Tiny goldfishes were discovered to grow enormous after being dumped in a lake in Burnsville, Minnesota, and people from Twitter are saying that they resemble a popular Pokemon known as "Magikarp." The phenomenon has made it viral on social media, and people cannot believe that these goldfishes survive to live on massive lakes.

Tiny Goldfishes Grow Enormous on Lakes

Enormous Goldfishes found in Burnsville, Minnesota Lakes
(Photo : City of Burnsville via Twitter)

According to the City of Burnsville, Minnesota's Twitter announcement (@BurnsvilleMN), these goldfishes were found in one of the lakes, and instead of dying, they survive and adapt to the environment. Even more so, these goldfishes grow enormous on lakes and were said to contribute to the "poor water quality" of the lakes they were dumped on.

These goldfishes were said to be the results of being thrown out of the house, as parents dump them on lakes instead of down the drain, toilets, or trash. The act of compassion they do to these goldfishes may preserve lives but takes a toll on the environment as they are not originally part of these lakes, and are destroying the ecosystem instead of contributing to it.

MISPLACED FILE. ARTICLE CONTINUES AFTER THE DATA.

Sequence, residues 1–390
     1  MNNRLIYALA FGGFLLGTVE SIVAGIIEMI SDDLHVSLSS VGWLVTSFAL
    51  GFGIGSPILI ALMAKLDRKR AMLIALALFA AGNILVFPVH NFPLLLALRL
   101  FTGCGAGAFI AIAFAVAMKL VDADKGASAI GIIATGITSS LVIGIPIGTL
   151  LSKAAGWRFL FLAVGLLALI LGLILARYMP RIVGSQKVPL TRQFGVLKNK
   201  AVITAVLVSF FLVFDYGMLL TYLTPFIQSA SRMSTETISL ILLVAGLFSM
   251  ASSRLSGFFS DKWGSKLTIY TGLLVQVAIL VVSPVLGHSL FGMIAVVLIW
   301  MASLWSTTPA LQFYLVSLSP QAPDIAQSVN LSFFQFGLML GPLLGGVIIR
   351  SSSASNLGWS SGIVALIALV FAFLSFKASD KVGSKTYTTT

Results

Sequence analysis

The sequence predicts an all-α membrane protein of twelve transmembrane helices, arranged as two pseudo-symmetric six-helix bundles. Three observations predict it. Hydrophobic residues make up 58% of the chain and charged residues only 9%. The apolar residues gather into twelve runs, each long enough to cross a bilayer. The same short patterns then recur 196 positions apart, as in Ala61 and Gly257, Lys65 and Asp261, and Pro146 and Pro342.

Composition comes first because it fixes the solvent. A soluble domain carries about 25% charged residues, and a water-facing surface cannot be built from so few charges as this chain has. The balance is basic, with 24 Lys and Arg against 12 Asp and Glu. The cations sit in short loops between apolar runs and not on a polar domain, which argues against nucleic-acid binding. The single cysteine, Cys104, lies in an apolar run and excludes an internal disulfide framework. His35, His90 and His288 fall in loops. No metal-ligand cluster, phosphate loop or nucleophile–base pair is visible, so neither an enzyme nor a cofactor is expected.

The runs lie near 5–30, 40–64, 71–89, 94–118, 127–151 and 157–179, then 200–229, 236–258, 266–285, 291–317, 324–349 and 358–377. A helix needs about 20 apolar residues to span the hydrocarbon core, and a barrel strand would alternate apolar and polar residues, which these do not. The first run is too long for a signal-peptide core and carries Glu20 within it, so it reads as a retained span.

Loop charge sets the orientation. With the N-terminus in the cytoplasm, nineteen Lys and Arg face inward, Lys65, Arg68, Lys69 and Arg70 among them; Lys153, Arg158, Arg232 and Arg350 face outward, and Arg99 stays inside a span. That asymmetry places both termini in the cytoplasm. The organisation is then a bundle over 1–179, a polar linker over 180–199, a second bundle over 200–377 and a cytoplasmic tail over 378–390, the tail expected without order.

Read Also: Virus From Koi Goldfish Linked To Fish Kill In Minnesota Lakes

Goldfishes trend on Twitter, Calls them 'Magikarp'

As people saw the photos from Burnsville's tweet, the Twitter community has reacted to the odd size of these goldfishes and attributed them to a popular pop culture icon, the Pokemon. In particular, people were referring to these overgrown goldfishes as "Magikarp," or the carp Pokemon that does nothing before evolving to the gigantic Gyarados. This has led to the circulating joke on Twitter that asks "are Pokemon real?;" and people have been turning this into a meme despite the massive concern of authorities in their findings. Goldfishes are part of the carp family, and so does Magikarp, and this association may be close.

It is known that most Pokemon are based on real-life animals and hybrids of these (Squirrel + Turtle = Squirtle), but these battling creatures do not exist in the real world.

Do not Throw Goldfishes in Lakes

In a report by Tech Times in 2016, it was found that dumping goldfishes in lakes would lead to their change and incredible growth spurt, leading to them being considered as pests in bodies of water. Goldfishes are known to be bred as aquarium fishes, and the result of that is they are no longer accustomed to being in the wild.

Instead of integrating themselves within the environment, they turn out to be massive polluters and contribute to the destruction of the said ecosystem, case in point, the lakes. People may think that dumping them on lakes is a way for them to have a better life, but instead, gives them a life to do more harm than good to fellow lake dwellers.

Related Article: Goldfish Get Drunk On Themselves To Survive Frozen Waters

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Written by Isaiah Richard

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